the violent theft of an occupied car
the forcible taking of a car while the driver is in it; the robber may force the driver out, force the driver to drive while under threat of harm, or be forced to relinquish the controls while also being forced to remain in the car. In the latter two cases, the act also constitutes a kidnapping.
Origin: [car + hijacking.]
The violent hijacking of a vehicle and sometimes its driver.
Origin: Portmanteau of car and hijacking
Carjacking is the unlawful seizure of automobile. It's also armed assault when the vehicle is occupied. Historically, such as in the rash of semi-trailer truck hijackings during the 1960s, the general term hijacking was used for that type of vehicle abduction, which did not often include kidnapping of the driver, and concentrated on the theft of the load, rather than the vehicle itself. During the later day car theft crime, typically, the carjacker is armed, and the driver is forced out of the car with the threat of bodily injury. In other rarer cases, the driver is kidnapped under the assault by a weapon and is retained as a passenger under duress, or made to drive his or her abductor. Women are particularly victimized in this latter method. The word is a portmanteau of car and hijacking. The term was coined by reporter Scott Bowles and EJ Mitchell, an editor with The Detroit News. The News first used the term in an August 28, 1991 report on the murder of Ruth Wahl, a 22-year-old Detroit drugstore cashier who was killed when she would not surrender her Suzuki Sidekick, and in an investigative report examining the rash of what police called at the time "robbery armed unlawful driving away an automobile", plaguing Detroit.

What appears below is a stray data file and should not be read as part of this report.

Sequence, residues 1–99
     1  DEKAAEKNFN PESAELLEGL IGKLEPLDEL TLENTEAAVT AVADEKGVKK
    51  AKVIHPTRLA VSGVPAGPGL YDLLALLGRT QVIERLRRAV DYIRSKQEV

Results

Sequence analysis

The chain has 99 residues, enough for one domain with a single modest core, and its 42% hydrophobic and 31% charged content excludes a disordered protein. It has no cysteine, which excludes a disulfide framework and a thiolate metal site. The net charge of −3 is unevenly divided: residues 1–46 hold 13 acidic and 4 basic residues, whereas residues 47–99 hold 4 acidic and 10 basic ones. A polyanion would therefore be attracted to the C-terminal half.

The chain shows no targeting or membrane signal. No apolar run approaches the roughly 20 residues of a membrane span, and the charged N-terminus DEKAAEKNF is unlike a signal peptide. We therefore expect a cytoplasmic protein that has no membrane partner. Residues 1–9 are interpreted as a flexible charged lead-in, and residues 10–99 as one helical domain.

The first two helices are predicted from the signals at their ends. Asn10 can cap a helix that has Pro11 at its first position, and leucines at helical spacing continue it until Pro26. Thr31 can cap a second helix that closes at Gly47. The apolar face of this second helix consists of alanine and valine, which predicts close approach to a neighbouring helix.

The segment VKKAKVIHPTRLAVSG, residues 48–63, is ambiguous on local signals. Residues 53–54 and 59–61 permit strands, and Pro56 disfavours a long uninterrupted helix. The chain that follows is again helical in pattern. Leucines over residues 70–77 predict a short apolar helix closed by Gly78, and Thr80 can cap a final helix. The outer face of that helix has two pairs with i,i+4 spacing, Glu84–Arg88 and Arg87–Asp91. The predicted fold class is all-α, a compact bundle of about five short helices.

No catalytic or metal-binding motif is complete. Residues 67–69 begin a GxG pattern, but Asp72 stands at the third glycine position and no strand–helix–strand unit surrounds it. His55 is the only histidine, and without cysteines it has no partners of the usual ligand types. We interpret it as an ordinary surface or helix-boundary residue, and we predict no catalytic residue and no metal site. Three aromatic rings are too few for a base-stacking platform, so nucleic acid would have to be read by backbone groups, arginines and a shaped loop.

The numerical value of carjacking in Chaldean Numerology is: 4
The numerical value of carjacking in Pythagorean Numerology is: 5
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